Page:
There was another bit of erosion in builder confidence in February. The National Association of Home Builders (NAHB) said the NAHB/Wells Fargo Housing Market Index (HMI) dipped 1-point during the month to a reading of 82. It lost 1 point in January as well.
NAHB’s chief economist Robert Dietz said builders are grappling with ongoing building material production bottlenecks. “Production disruptions are so severe that many builders are waiting months to receive cabinets, garage doors, countertops and appliances,” Dietz said.
“These delivery delays are raising construction costs and pricing prospective buyers out of the market. Residential construction costs are up 21 percent on a year over year basis. Higher interest rates in 2022 will further reduce housing affordability even as demand remains solid due to a lack of resale inventory.” He added, however, that the index continues to post solid readings at or above the 80-point mark as it has done for the past five months.
The HMI is derived from a monthly survey that NAHB has been conducting for more than 35 years. New home builder members of NAHB are asked to give their perceptions of current single-family home sales and sales expectations for the next six months as “good,” “fair” or “poor” and to rate buyer traffic as “high to very high,” “average” or “low to very low.” Scores for each component are then used to calculate a seasonally adjusted index where any number over 50 indicates that more builders view conditions as good than poor.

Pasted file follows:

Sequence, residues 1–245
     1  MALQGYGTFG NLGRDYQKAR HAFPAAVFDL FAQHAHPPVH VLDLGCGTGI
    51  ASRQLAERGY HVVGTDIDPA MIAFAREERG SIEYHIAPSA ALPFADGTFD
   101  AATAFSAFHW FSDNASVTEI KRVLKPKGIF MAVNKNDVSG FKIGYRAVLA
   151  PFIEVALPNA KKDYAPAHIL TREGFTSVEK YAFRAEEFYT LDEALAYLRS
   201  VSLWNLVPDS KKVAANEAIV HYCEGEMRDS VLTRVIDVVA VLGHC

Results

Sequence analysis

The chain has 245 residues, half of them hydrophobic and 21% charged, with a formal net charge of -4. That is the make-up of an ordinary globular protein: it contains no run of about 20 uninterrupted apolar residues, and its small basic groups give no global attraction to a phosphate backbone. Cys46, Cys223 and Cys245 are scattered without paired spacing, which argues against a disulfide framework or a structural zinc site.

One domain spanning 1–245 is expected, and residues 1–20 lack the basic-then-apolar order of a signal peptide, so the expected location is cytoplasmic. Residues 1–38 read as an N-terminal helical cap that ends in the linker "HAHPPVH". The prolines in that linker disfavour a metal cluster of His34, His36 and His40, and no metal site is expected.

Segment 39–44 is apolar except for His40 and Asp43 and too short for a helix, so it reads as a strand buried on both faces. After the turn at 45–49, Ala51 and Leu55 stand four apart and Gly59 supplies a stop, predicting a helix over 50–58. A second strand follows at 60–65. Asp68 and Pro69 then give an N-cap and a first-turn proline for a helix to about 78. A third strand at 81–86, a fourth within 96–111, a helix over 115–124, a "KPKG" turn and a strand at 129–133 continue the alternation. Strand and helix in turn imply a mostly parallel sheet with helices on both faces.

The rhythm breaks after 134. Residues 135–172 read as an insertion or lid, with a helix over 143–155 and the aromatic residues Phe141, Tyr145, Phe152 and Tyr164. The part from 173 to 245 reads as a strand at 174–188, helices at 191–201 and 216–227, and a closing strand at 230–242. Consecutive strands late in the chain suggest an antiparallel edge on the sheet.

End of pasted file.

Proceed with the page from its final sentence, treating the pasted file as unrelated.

The HMI index gauging current sales conditions increased 1 point to 90, the gauge measuring sales expectations in the next six months fell 2 to 80, and the component charting traffic of prospective buyers saw a 4-point decline to 65.
Regional scores are reported as a three-month moving average. The index for the Northeast rose 3 points to 76 and the West was up 1 point to 89. The other two regions each lost 1 point. leaving the Midwest at 73 and the South at 86.